These equip data centers with an extensive array of capabilities that infrastructure and virtualization management solutions typically lack, including the ability to automatically discover UPSs, PDUs and other network-enabled power devices across the enterprise and view and manage power assets through a single control panel that’s accessible from any web browser.
These types of power management solutions help data center operators collect and archive facility-wide UPS performance data that can help administrators prevent downtime by proactively identifying and addressing impending failures, overloaded UPSs or UPSs in need of rebalancing. Also, operators can set power consumption limits for servers during extended power outages and shut down virtual and physical servers gracefully during power failures.
2. Enterprise-grade power management solutions
Designed for use in larger data centers with more complex requirements, enterprise-grade power management solutions come with more extensive and advanced capabilities than entry-level systems. Specifically, the best enterprise-grade power management solutions give IT and facilities managers the ability to generate detailed energy-efficient reports and calculate key energy-efficiency metrics such as Power Usage Effectiveness (PUE) and Data Center infrastructure Efficiency (DCiE). Typically found in multi-tenant or colocation facilities, enterprise-grade power management solutions help operators balance electrical loads to minimize peak demand and maximize energy cost savings and measure power consumption on a per-workload basis to support energy chargeback initiatives.
Remote power monitoring services
Together, infrastructure management solutions, virtualization management solutions and power monitoring and management solutions arm data center operators with a broad assortment of capabilities for keeping power systems and mission-critical workloads continuously available for the facilities they support. However, no power monitoring and management strategy that relies exclusively on such systems is truly complete.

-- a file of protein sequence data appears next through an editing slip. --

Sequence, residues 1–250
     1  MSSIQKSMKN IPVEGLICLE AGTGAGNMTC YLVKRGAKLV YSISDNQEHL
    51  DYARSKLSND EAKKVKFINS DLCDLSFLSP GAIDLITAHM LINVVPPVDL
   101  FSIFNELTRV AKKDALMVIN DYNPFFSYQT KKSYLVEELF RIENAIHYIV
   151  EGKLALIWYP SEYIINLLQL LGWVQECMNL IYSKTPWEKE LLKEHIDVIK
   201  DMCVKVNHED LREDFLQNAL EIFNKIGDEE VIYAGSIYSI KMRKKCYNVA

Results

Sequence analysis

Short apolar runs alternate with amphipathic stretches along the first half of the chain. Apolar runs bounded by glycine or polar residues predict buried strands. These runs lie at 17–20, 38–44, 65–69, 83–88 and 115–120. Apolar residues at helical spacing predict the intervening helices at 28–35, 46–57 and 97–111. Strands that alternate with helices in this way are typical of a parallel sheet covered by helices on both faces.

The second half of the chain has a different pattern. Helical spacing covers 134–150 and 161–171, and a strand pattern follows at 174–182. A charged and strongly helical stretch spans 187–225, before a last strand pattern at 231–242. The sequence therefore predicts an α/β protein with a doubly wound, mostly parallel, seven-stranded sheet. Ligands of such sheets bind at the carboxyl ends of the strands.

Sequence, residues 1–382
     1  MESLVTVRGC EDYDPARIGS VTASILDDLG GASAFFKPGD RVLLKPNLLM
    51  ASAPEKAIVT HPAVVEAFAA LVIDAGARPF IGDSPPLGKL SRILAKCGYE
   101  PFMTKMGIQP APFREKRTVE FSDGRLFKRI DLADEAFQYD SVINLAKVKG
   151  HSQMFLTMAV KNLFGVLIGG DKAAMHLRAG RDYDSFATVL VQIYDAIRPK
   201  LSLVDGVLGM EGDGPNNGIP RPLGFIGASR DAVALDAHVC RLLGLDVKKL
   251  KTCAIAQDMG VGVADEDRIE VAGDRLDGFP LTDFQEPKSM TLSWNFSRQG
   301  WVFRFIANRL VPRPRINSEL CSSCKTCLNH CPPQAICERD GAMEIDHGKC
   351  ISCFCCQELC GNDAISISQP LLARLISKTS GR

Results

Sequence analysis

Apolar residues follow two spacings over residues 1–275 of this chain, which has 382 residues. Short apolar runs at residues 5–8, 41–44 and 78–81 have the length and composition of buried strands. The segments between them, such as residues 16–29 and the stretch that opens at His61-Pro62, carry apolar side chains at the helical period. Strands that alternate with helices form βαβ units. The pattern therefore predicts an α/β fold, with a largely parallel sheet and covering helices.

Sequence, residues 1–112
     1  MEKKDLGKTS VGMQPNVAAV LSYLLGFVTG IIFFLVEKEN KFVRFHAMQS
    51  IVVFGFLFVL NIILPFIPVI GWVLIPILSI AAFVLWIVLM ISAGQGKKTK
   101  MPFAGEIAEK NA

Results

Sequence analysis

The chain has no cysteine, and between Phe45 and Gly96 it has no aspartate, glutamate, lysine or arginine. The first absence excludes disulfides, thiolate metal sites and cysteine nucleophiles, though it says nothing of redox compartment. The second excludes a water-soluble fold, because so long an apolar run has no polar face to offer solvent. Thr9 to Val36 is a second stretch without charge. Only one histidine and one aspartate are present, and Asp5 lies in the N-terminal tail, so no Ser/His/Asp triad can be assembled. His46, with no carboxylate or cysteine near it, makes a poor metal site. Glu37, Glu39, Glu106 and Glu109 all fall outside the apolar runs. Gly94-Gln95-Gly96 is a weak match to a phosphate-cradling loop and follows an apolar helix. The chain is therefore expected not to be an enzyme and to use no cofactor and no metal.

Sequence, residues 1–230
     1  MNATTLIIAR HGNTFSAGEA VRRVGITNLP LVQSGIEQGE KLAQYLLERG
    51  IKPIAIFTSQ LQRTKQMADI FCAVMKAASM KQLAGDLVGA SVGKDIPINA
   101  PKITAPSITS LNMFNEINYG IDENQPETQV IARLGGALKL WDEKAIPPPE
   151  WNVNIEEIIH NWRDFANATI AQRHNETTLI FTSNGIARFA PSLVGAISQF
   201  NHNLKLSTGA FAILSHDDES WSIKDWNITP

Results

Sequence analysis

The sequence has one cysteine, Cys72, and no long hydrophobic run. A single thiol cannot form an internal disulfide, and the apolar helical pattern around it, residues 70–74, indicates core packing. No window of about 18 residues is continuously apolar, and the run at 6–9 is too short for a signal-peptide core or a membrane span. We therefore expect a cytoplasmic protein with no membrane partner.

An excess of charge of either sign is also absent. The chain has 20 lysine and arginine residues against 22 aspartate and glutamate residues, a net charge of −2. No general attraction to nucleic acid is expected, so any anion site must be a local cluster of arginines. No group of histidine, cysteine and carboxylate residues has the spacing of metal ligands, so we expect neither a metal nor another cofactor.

To maximize application uptime and power system reliability, data center operators should supplement their onsite management solutions with a remote power monitoring service. Such offerings ensure that IT and facilities managers receive prompt notification of power-related problems no matter when they occur by providing round-the-clock, worldwide monitoring of data center power systems. They’re also staffed by trained experts with deep knowledge of power systems who can help facility managers interpret power system alarms and more accurately distinguish those requiring immediate action from those that can wait.
Power monitoring and management are complex responsibilities, but they are critical to maintaining uptime for critical applications. To perform those tasks effectively, most data centers need one or more infrastructure management solutions, a virtualization management solution and a specialized power monitoring and management solution. They also require the deep expertise and continuous protection offered only by remote power monitoring services. Data center operators who wish to stop utility outages and power system malfunctions from disabling mission-critical IT solutions should ensure they have the right set of onsite solutions and remote services for their specific environment.
Arthur Mulligan is a Raleigh-based product line manager for Eaton’s U.S. power quality service organization and has celebrated more than 15 years with Eaton. He has a varied background of marketing, advertising and sales experience in telecom, software and professional services.
Jim Tessier is an experienced product manager for IT hardware and software products, and has been with Eaton for six years. He introduced and grew the Intelligent Power Manger (IPM) software product from a simple power management platform to a powerful, award-winning data center power management software that integrates within the IT environment and offers controls to optimize data center power solutions.